Swallow the Air follows the life of 15-year-old May Gibson, an Aboriginal girl from New South Wales whose mother commits suicide. May and her brother go to live with their aunt, but eventually May travels further afield, first to Redfern's Block in Sydney, then to the Northern Territory, and finally into central New South Wales. She travels to escape, but also in pursuit of a sense of her own history, family, and identity.

2004 winner y separately published work icon Her Sister's Eye Vivienne Cleven , St Lucia : University of Queensland Press , 2002 Z985143 2002 single work novel (taught in 7 units)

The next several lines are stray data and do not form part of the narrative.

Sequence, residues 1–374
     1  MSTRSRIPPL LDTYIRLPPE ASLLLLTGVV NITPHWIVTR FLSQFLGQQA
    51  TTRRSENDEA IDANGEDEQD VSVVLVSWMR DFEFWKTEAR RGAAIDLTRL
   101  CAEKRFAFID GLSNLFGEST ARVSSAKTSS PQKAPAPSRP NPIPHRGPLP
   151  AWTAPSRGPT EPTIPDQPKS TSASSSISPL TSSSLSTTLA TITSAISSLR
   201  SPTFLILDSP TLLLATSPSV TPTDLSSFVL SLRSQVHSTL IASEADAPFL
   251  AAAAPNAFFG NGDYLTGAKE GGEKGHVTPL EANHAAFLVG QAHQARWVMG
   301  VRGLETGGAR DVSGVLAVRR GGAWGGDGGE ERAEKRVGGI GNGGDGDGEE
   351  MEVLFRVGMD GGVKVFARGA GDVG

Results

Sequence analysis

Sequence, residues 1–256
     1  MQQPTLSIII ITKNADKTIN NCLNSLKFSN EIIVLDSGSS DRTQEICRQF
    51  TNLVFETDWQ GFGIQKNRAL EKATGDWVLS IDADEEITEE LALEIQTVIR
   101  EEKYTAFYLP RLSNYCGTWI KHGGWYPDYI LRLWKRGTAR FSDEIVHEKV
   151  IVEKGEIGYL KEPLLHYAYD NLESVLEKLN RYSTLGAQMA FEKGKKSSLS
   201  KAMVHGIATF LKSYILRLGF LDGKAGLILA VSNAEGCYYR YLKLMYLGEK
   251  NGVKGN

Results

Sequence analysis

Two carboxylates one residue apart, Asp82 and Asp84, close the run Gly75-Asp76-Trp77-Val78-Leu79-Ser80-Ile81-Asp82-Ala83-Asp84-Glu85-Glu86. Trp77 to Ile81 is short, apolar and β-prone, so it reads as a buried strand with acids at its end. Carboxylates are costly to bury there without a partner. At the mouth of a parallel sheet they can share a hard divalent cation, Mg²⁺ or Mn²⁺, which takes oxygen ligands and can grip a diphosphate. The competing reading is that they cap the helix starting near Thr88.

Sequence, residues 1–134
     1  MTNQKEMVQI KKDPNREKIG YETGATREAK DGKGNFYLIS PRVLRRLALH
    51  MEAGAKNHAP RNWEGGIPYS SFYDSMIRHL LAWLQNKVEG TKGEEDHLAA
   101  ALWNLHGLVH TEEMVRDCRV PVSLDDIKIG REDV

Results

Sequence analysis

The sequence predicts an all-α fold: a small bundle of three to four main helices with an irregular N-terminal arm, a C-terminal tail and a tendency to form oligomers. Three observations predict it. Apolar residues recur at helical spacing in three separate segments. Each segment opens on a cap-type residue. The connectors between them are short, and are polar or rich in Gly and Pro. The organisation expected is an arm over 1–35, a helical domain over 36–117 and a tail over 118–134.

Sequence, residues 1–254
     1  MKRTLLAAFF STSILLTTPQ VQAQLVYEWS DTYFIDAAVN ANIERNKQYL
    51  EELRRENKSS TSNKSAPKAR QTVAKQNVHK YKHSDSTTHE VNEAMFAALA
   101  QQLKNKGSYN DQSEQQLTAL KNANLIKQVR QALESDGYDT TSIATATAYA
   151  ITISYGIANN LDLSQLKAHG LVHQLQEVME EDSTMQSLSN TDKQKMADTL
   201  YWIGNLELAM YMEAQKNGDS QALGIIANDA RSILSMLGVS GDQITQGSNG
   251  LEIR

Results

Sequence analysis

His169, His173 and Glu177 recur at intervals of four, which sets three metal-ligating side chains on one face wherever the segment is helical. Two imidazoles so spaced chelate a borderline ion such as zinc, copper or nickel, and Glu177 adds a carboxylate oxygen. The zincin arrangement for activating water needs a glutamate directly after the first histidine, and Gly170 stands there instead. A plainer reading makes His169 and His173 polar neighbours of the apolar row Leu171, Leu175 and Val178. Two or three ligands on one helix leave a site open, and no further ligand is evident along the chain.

'...always remember where you're from... To the Aboriginal Families of Mundra this saying brings either comfort or pain. To Nana Vida it is what binds the generations. To the unwilling savant Archie Corella it portends a fate too cruel to name. For Sophie Salte, whose woman's body and child's mind make her easy prey, nothing matters while her sister Murilla is there to watch over her.

For Murilla, fierce protector and unlikely friend to Caroline Drysdale, wife of the town patriarch, what matters is survival. In a town with a history of vigilante raids, missing persons and unsolved murders, survival can be all that matters'. (Source: back cover, 2002 edition)